RALEIGH, North Carolina (Reuters) - Republicans hoping to maintain their majority in the U.S. House of Representatives and turn back Democratic efforts to regain ground are looking to several competitive congressional races with primary run-off contests in North Carolina on Tuesday.
Republicans aim to pick up the state’s 8th Congressional District, a former textile area east of Charlotte, by unseating two-term Democratic incumbent Larry Kissell, who is considered vulnerable due to redistricting.
Republicans hold 241 seats to the Democrats’ 191 in the U.S. House Of Representatives, where members serve two-year terms. Democrats control the U.S. Senate by a narrower margin.
The 8th Congressional District nomination race featuring Richard Hudson, a former congressional aide to several Republican members of Congress, and Scott Keadle, a dentist and former county commissioner with some Tea Party support, has attracted national interest.
Advocacy groups known as Super PACs have been pouring hundreds of thousands of dollars into radio and television ads seeking to influence the outcome.
“It is a battle within the Republican Party,” said J. Michael Bitzer, a political science professor at Catawba College. “It is basically the establishment Republicans versus the Tea Party faction. I literally think it’s anybody’s ball game.”
The Young Guns Action Fund, a Super PAC aligned with House Majority Leader Eric Cantor, reported this month that it was spending about $450,000 on mailings, radio and television ads backing Hudson. The American Action Network reported spending $312,000 in July on ads opposing his competitor.
Hudson, who was the top vote-getter among five Republicans in the May 8 primary, has picked up endorsements from former presidential candidate Rick Santorum, former North Carolina Governor Jim Martin and other prominent state Republicans.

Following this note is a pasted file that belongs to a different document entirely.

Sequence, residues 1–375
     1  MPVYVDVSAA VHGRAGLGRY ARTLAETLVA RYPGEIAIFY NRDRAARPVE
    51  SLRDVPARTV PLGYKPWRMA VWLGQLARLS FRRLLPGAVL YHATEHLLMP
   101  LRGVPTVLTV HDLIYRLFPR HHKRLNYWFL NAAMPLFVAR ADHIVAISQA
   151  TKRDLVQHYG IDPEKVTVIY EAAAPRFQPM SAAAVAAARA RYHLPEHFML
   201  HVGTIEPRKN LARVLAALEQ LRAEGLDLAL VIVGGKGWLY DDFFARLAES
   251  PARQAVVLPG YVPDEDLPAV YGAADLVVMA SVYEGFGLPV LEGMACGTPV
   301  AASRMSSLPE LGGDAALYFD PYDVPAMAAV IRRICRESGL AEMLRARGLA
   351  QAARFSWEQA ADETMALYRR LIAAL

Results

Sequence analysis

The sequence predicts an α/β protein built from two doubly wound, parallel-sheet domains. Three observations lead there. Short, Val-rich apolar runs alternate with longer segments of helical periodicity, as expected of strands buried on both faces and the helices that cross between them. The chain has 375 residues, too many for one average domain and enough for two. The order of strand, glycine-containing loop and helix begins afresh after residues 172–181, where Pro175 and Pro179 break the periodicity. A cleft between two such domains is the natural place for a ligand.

Keadle, a maverick Republican, has also benefited from outside support. He received an endorsement from the conservative Club for Growth, a Super PAC that backs limited government and low taxes. The group has spent nearly $461,000 on ads backing Keadle and an additional $199,000 on ads opposing Hudson for not being conservative enough.
Tuesday’s winner will face Kissell, whom Bitzer described as one of the most vulnerable incumbents in the country as a result of redistricting, in the November 6 general election.
Republicans are also hoping to pick up the open 11th Congressional District seat in western North Carolina. U.S. Representative Heath Shuler, a Democrat, opted to retire rather than defend the redrawn district representing the Asheville area.
Republicans Mark Meadows and Vance Patterson are vying for the nomination in a runoff. Meadows led a field of eight Republican candidates in the May primary, collecting 37 percent of the vote, while Patterson received 23 percent.
Meadows, a self-described conservative Christian businessman, also received an endorsement from Santorum. Patterson, a business entrepreneur who has started 16 companies, has pledged to donate his entire congressional salary to non-profit organizations in the district.
The Republican nominee will square off against Democrat Hayden Rogers, who served as Shuler’s chief of staff, in November.
The retirement of longtime Republican U.S. Representative Sue Myrick created a scramble among party members hoping to retain the 9th Congressional District seat in the solidly Republican Charlotte area.
Jim Pendergraph, a former county commissioner and sheriff, and Robert Pittenger, a former state senator and wealthy real estate investor, emerged from a crowded primary field of 11 Republican candidates to face each other in Tuesday’s runoff.
Pittenger has spent more than $2.2 million on his campaign, including $1.9 million of his own money, giving his campaign a financial advantage, according to the Center for Responsive Politics.
Pendergraph has spent $346,000 and recently began airing radio ads featuring an endorsement from Myrick, who described him as “a seasoned honorable cop” and a Reagan conservative.
The winner will face Democrat Jennifer Roberts and Libertarian candidate Curtis Campbell in the general election.
Editing by Colleen Jenkins and Mohammad Zargham